Pulling off his shirt and pants in a rush he watched as the spots and fur on his arms gained countless brethren across his whole body. His heart seemed to race and for a moment he was afraid that it was seizure and stop. Then the faster beat seemed normal to him and it didn’t bother him any more and he was more interested in the changes to his body.

He watched as pounds seemed to just fade away in seconds from his frame. But it didn't leave a body starved of flesh. His muscles lost their great strength and power but gained in compensation flexibility and speed. Soon a two hundred pound man of stock frame and powerful muscles was trimmed down to the tight and slim physique of a gymnast or a runner. His sister Adalia would be envious of a body so thin and fit. He couldn't help but laugh at that thought and again he heard that odd, snarling laugh. Edmund used his hands to explore his face. His new, spotted hands touched a short muzzle full of sharp teeth.

For the first time in many years Edmund wanted a mirror to see himself in. As a paladin and a protector of the faith he was supposed to be above such petty things as personal looks and vanity and he little cared about his looks. The knight had long ago learned that a man’s appearance meant little in this world, what mattered was his heart and soul. Still there were people out there who only saw the shallow looks of a person and never went any deeper. A powerful looking knight in shining armor upon a sleek stallion was a potent image. An image that had scared and overawed many potential enemies and won over possible allies in the paladin’s career. To win meant being not just skilled with sword and horse but also understanding people’s feelings and thoughts. It also meant acting brave when you were terrified to the bone and putting on a brave and bold showing in front of strangers. In front of a paying audience it was called acting. In front of an enemy it was called diplomacy.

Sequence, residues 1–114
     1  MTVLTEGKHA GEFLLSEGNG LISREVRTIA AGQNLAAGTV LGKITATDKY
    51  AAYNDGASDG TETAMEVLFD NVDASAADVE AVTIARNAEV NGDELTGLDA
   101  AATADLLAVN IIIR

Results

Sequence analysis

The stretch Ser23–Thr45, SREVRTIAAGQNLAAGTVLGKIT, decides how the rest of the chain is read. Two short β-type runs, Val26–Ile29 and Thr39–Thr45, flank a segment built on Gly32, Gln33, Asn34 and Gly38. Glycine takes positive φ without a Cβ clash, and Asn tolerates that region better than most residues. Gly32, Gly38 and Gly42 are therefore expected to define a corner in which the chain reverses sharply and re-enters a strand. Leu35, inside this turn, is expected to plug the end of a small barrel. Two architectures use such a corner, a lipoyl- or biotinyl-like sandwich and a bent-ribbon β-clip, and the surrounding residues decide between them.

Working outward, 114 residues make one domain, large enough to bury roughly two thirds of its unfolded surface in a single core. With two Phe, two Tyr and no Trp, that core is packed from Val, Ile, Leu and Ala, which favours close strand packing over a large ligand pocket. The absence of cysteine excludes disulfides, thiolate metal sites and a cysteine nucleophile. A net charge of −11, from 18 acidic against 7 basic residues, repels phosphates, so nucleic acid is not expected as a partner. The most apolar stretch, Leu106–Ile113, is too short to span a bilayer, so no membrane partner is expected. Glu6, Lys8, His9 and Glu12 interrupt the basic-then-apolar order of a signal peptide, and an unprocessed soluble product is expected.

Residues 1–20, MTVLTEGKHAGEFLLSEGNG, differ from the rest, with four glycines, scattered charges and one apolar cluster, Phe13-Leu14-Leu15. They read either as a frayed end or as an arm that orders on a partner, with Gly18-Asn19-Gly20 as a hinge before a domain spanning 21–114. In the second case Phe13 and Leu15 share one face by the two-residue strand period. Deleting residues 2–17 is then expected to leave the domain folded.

He turned towards his large campaign chest which rested in one corner of the room and took a step towards it. Suddenly he found himself lying on the floor and wondering what had happened. Looking down his new body he did not see human legs ending in normal feet. Instead there was the oddly crooked and bent digitigrade legs of an animal ending in padded and clawed paws. A long, slim, spotted tail poked out from between those strange legs. He was amazed by its length. It was so big that it was easily at least as long as his whole body was tall if not longer.

Moving slowly and placing each limb carefully he stood up, holding onto the windowsill for support. It felt very strange to stand on these new legs and he swayed back and forth for a time trying to get the feel for his new body. The placement of bones, flesh and muscles were different and took some getting used to it and regaining his balance. That long tail came in handy for that whipping back and forth shifting his center of balance till he was steady. Something so simple as walking had just become so difficult. He felt like a child again learning to walk for the first time. Suddenly the chest seemed very far away and walking there an impossible task.

It was several minutes before he trusted his balance enough to let go. To Edmund’s surprise he didn’t fall over instantly. He lifted his left leg and flexed it. He could feel the muscles in that limb and he understood the power and speed that was in them.